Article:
The Little Sparta Trust has been saddened by the news of the death of Ron Costley on 6 February 2015. As a noted typographer and book designer, he enjoyed an illustrious career at Faber and Faber. He was also the longest serving of all Ian Hamilton Finlay’s collaborators. It was during the 1960s that Ian began the process of seeking collaborators in the fields of design and craft in order to realise his poetry in the appropriate manner and with consummate quality. Ron was introduced to Ian by Stephen Bann in 1967 and their fruitful collaboration spanned four decades.
Ron took pleasure in Ian’s detailed letters explaining proposed artworks. He regarded them as design briefs and responded in the straightforward, intelligent and congenial manner that was characteristic of their longstanding relationship. Ian’s prolific output led to Ron amassing an impressive archive of drawings for lettering and designs for artworks. Some were realised for Little Sparta and others for certain of the landscape installations commissioned for sites elsewhere. Many became prints, cards and bookworks, even textiles. Over the years Ron’s eloquent yet 'invisible' design sensibility helped to define the visual style of the Finlay oeuvre.
Ian’s interplay between publication and garden is evident in four of Ron’s designs that can be seen at Little Sparta. These originated in his drawings for the suite of ‘Heroic Emblems’ published in 1977, with commentaries by Stephen Bann, to accompany Ian’s seminal exhibition at the Serpentine Gallery, London. The ‘Midway’ plaque is in the Temple Pool Garden (1977, carved by Michael Harvey); the ‘Emden’ memorial is in the Front Garden (1975, carved by John Andrew); and the two planters ‘Hasten Slowly’ and ‘Even Gods’ (1977, also carved by John Andrew) are in the Woodland Garden.
Ron also enjoyed Ian’s use of the garden as an experimental workshop. On visits during Ian’s ‘cast concrete’ phase, he would draw lettering directly into wet cement, as can still be seen in two paving slabs (c.1975): ‘NETC’ is outside the cottage; ‘Barque’, whose letters were drawn with a twig, is near the grotto. However the most dramatic application of Ron’s drawing can be seen in the pair of life-size cut-out figures (1985) in stainless steel of Apollo (in red) and Daphne (in green). Inspired by Bernini’s famous Baroque sculpture, the god’s pursuit of the transformative nymph within the leafy glade of the Wild Garden has become an iconic feature of Little Sparta.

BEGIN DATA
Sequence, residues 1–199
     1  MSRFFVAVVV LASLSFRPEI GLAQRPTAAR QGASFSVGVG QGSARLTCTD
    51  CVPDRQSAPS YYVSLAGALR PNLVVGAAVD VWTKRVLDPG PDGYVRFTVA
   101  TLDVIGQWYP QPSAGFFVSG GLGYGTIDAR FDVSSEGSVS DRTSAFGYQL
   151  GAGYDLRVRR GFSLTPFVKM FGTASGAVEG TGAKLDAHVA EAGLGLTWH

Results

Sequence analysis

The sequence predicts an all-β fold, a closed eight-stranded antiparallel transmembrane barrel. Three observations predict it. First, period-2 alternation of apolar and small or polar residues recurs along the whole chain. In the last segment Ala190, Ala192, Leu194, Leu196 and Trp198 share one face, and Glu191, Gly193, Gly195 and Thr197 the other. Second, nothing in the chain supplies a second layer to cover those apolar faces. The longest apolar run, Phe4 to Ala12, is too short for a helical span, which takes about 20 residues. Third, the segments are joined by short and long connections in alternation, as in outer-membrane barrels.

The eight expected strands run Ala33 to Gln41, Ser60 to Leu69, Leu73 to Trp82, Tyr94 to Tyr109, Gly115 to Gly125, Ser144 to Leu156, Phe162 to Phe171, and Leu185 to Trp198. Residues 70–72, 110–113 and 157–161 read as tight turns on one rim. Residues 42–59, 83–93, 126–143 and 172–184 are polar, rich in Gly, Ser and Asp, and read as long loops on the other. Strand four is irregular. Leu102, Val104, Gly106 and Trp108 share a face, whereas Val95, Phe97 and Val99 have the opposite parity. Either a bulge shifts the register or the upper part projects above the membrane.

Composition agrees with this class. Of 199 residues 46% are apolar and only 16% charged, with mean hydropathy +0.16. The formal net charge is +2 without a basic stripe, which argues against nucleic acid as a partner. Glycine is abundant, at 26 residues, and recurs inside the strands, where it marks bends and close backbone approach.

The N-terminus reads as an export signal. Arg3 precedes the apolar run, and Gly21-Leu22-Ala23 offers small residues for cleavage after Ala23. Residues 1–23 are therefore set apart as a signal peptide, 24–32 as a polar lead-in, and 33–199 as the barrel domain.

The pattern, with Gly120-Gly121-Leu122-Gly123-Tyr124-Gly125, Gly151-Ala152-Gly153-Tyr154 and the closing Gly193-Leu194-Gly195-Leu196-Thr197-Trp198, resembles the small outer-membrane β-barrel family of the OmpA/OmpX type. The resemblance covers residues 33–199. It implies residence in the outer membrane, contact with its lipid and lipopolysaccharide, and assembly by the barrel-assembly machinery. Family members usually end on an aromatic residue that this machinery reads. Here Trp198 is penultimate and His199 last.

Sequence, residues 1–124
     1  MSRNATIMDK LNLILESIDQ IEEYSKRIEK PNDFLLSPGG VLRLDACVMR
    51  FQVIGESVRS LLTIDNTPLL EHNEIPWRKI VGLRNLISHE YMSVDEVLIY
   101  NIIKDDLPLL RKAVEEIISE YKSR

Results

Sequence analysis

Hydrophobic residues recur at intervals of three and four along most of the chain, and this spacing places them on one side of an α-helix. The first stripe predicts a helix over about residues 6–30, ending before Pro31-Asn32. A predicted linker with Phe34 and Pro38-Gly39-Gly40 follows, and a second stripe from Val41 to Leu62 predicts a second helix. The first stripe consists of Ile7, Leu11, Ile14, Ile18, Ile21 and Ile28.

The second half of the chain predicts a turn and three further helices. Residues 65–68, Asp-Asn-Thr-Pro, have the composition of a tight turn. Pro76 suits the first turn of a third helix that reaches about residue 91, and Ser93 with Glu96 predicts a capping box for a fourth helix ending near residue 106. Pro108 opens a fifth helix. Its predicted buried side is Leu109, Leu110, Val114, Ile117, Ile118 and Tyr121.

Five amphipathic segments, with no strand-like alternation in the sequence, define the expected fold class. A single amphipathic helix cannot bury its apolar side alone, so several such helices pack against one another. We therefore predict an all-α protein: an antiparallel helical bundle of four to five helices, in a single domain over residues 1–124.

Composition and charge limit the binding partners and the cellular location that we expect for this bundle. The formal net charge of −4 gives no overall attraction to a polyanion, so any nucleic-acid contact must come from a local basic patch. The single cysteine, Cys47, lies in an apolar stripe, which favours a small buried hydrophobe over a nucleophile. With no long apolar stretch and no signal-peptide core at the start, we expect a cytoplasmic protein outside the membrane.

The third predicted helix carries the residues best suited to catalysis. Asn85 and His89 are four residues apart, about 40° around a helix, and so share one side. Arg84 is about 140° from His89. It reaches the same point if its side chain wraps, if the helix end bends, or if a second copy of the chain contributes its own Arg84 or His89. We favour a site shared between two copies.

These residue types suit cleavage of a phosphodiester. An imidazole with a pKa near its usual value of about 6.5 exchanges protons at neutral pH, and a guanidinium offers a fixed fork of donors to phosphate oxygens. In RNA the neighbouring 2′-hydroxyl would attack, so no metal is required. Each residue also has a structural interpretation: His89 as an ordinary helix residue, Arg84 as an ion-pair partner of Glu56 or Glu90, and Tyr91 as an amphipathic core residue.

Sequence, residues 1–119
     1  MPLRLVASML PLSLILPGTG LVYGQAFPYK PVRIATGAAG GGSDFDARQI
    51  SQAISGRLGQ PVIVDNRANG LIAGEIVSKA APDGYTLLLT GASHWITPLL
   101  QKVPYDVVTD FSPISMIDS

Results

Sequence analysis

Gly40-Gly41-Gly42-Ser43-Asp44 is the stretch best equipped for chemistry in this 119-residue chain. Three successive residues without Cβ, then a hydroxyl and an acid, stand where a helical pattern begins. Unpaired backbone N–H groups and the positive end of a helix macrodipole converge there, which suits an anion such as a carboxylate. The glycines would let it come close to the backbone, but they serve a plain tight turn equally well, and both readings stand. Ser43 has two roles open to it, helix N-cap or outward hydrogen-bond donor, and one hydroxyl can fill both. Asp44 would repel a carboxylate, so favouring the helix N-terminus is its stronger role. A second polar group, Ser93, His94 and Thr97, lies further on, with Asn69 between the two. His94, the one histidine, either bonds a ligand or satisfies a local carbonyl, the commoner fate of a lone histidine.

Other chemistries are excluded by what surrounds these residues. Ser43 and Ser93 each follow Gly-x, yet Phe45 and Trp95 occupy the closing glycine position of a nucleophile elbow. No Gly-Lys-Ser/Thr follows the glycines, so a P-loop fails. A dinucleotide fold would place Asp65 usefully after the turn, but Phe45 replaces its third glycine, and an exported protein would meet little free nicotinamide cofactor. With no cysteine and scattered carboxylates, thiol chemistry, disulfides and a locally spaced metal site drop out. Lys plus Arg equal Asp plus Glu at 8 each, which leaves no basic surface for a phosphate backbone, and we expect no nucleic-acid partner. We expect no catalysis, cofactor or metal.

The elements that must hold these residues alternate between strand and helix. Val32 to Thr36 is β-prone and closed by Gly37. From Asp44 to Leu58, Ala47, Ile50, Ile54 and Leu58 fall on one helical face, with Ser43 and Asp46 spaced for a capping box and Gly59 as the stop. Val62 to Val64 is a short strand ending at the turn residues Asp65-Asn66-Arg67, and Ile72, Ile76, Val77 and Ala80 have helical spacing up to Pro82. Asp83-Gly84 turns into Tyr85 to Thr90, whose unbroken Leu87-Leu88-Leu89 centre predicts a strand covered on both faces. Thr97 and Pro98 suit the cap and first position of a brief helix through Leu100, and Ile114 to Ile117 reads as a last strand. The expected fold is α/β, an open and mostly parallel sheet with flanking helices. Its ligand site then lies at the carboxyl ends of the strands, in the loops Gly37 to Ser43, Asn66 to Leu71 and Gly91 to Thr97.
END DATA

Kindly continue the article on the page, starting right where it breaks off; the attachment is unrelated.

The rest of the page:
Another one of Ron’s designs (c.1975) exemplifies Ian’s practice of using the garden as a nursery-of-ideas that were subsequently transplanted into the landscape installations elsewhere. The mosaic poem VNDA (Latin: wave) can be seen outside the entrance to the cottage. Ron designed the typography and the mosaic letters were set into wet concrete by Douglas Hogg. Shortly afterwards the wave poem became hugely enlarged into the ‘Wave Wall’ mural sculpture for Livingston New Town (1977), where it has weathered well. Unfortunately the ‘Wave Wall’ guidebook wasn’t published and in time the typescript was thought to have been lost. Fortunately Ron proved to have a photocopy and, thirty years later, the texts by Denis Barns and Stephen Bann were published alongside Ron’s original and exquisite calligraphic designs for the installation’s lettering.
Ron’s design work will be remembered in various spheres of endeavour. His engagement with Ian and Little Sparta not only generated drawings and designs that will be appreciated in perpetuity, but also stimulated the way that he created his own garden at home in Bishops Stortford. Ian was delighted with Ron’s garden, which must have brought to life his vision of Little Sparta as a revolutionary garden centre stocked with new ideas for contemporary gardening. In fact Ron’s garden is one of a significant pair of artists’ gardens inspired by Little Sparta. The other, of course, is Janet Boulton’s in Abingdon.
Once he had retired, Ron offered his services to the Little Sparta Trust – and thus designed in 2009 the Trust’s first publication: Little Sparta, an introduction to the garden of Ian Hamilton Finlay. This handy pocketbook introduces the visitor to the garden’s poetry by focusing on forty of the 272 artworks. It includes all the works whose inscriptions are in Latin or another language, and provides English translations in order to clarify their meaning. The sketches and bird’s-eye view by Gary Hincks complement the text by Jessie Sheeler, while the garden itself continues to be ‘introduced’ by Ron’s cover photograph.